Shale Development Certification Program Opens Its Doors

In March 2013, a group of philanthropic foundations, environmental organizations and energy companies came together to form the Center for Sustainable Shale Development (CSSD)

By Angela Godwin, Chief Editor

In March 2013, a group of philanthropic foundations, environmental organizations and energy companies came together to form the Center for Sustainable Shale Development (CSSD), an organization aimed at promoting responsible development of shale gas resources in the Appalachian region. Its guiding belief is that safe, sustainable shale development is achievable -- and its doors are now open.

CSSD program provides performance standard certifications for shale developers in Pennsylvania, Ohio, and West Virginia. It has established 15 initial performance standards -- including several that pertain directly to protection of surface and groundwater. Through CSSD certification, shale developers can demonstrate -- and get recognition for -- excellence in environmental performance, setting a new, higher bar for other operators to meet.

The Center has named Susan Packard LeGros its executive director. She joins CSSD from Philadelphia-based law firm Stevens & Lee, where she concentrated her practice on environmental, natural resources and regulatory issues.

"CSSD's work has already served as a model for how environmental organizations and energy companies can work together toward shared goals," said LeGros. "This is one of the most exciting challenges of my career to date -- to harness the talents, resources and desire on the part of leading environmental groups and energy companies to ensure prudent development of shale gas resources."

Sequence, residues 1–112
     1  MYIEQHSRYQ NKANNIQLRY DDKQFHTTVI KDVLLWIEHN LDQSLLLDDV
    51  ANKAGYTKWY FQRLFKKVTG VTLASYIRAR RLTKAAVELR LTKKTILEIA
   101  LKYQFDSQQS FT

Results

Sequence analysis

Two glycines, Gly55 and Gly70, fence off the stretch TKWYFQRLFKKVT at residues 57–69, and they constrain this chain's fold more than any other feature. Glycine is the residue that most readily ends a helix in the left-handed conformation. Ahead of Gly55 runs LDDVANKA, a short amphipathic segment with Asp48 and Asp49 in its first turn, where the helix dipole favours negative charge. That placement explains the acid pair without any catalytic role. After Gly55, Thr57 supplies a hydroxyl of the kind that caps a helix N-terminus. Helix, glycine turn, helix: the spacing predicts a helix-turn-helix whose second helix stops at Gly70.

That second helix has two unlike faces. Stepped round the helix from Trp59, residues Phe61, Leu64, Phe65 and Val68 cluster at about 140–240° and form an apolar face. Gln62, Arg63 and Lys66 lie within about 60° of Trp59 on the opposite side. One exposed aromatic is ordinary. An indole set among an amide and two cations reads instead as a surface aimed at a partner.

After nearly a year of preparation, CSSD is ready to begin reviewing applications for certification. To do this, it has hired testing, inspection and certification auditor Bureau Veritas. Interested companies should apply directly to CSSD, which then works with the audit team and company representatives to cover the analysis process, site visits, interviews and other information-gathering activities.

The Center's list of partners includes: the Benedum Foundation; Chevron; Clean Air Task Force; CONSOL Energy; Environmental Defense Fund; EQT Corporation; Group Against Smog and Pollution; Heinz Endowments; Citizens for Pennsylvania's Future (PennFuture); Pennsylvania Environmental Council; Shell; and the William Penn Foundation.

If you're surprised to see the Environmental Defense Fund on that list, you're not alone. EDF's participation in CSSD drew criticism from some of its green cousins, including Earthworks and Greenpeace, among others. They expressed their disappointment in a group letter to EDF President Fred Krupp: "Those of us concerned with charting a rational and sustainable energy policy for the United States were disheartened to see the Environmental Defense Fund (EDF) lend its name and support to an entity called the Center for Sustainable Shale Development (CSSD). The very use of the word sustainable in the name is misleading, because there is nothing sustainable about shale oil or shale gas."

The groups stated that federal regulation was the only way to ensure public health and accused EDF of "greenwashing" CSSD's environmental standards.

In fact, EDF acknowledged that CSSD is not a substitute for regulation -- but recognized that having voluntary standards has value too. "The hope is to make certification the de facto standard and that communities will insist on having only center-approved drilling and pipeline companies." (Solutions, Summer 2013)

EDF wisely pointed out that if CSSD can show that industry leaders can produce shale gas safely and responsibly, it "could help build a powerful coalition of producers, environmentalists and communities, all in favor of getting the rules right."

For more information on CSSD, visit sustainableshale.org.

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